“Also if your dad gets a charge for three boxes of Girl Scout Cookies from an eight year old named Kelsey, a fifteen-pack of foam pool-noodles, five cases of Monster, a membership to Cat Fancy magazine, and weird herbal potpourri, just let him know that it’s all going to a good cause!” Cecil called back as he pulled Lou Ellen into a near run up the hill.
“I’m going to kill both of them,” Nico hissed as both Lou Ellen and Cecil disappeared beyond Thalia’s tree and into Camp Half-Blood and Will popped open the trunk and loaded in their bags.
“Oh no you won’t, your life would be too boring without them,” Will said as he closed the trunk. Jules-Albert opened the door to the side and Will and Nico slid in.
“Abundance, Texas,” Nico said to Jules-Albert, who began driving.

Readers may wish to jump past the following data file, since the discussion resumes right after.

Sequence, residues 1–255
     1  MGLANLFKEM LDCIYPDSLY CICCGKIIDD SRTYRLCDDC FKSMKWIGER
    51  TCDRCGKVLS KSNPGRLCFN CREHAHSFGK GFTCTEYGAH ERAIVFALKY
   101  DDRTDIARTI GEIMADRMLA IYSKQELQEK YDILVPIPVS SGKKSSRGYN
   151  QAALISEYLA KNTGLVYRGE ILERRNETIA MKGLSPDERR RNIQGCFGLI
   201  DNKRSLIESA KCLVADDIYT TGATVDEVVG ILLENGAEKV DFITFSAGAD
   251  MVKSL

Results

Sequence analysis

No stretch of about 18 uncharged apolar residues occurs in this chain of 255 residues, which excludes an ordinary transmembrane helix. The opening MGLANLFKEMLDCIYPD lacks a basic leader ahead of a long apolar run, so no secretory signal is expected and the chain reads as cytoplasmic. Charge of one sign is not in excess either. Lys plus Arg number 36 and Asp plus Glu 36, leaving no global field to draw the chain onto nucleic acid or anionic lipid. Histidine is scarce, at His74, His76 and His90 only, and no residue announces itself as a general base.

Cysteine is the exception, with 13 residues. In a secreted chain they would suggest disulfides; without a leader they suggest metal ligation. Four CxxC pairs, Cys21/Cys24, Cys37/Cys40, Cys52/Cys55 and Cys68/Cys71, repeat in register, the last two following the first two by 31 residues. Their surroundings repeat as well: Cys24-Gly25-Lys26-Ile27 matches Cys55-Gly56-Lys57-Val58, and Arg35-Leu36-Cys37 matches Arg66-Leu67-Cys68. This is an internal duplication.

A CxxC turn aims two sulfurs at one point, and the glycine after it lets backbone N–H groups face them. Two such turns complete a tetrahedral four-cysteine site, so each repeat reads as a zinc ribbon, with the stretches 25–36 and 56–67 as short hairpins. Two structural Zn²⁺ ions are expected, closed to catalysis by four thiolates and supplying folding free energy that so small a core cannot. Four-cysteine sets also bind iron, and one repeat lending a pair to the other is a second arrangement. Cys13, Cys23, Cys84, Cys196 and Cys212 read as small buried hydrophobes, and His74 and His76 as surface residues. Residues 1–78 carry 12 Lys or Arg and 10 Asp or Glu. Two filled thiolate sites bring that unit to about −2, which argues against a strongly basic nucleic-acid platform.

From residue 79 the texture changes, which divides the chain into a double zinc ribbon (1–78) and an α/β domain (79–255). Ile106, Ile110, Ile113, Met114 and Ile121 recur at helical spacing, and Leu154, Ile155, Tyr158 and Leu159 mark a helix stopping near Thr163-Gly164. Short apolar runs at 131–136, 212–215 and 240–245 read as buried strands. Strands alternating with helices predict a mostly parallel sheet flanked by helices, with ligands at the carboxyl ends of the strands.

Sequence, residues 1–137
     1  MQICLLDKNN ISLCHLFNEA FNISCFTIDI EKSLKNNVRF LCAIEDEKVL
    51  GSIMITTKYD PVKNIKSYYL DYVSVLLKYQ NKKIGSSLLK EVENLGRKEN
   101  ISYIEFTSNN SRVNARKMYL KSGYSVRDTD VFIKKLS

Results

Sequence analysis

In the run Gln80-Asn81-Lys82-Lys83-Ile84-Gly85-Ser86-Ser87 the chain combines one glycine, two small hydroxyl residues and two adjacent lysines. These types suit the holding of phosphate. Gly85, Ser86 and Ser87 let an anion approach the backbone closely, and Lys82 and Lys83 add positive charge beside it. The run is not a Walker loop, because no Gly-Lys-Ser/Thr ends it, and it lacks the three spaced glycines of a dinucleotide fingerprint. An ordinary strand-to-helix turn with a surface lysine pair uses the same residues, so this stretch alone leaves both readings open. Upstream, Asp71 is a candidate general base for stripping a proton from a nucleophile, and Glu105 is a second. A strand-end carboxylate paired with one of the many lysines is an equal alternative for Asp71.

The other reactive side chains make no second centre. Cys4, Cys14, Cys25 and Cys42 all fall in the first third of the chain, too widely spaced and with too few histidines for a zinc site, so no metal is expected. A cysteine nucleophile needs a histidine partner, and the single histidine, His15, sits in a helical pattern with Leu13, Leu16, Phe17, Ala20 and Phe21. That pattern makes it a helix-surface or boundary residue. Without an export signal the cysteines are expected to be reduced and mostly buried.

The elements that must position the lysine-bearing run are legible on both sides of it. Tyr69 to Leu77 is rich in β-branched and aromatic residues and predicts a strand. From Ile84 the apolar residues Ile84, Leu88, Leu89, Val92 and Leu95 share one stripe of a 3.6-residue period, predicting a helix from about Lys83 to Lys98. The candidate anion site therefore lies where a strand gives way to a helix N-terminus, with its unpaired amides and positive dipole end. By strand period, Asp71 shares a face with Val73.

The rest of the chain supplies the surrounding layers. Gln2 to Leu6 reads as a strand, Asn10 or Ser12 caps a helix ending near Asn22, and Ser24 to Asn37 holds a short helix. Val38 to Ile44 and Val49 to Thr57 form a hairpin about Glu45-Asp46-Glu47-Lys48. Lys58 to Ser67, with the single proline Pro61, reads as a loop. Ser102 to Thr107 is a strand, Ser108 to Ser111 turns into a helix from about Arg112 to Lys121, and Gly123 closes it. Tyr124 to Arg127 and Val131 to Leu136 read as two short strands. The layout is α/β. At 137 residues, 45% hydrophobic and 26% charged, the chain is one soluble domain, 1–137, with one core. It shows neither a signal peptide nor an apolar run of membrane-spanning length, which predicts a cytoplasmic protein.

“You better buckle in,” Will warned him as he slung an arm around Nico. “We’re in for a long ride.”
Nico at some point drifted off, after all, Will was very comfortable and warm and it wasn’t because he enjoyed it for any other reason. The good thing about having a zombie chauffer was that he never needed to take breaks, and appeared to know the way to go without running into much traffic. So by the time Nico stirred from his rest and Will was hungry, they were already outside of Baltimore and just hit the first truck stop they came too. Luckily no monsters bothered them, as was Nico’s vehement hope, except for two Stymphalian Birds who had been pecking at an empty McNugget carton outside a McDonalds in Kentucky who quickly became dusted by a well-placed strike of his sword.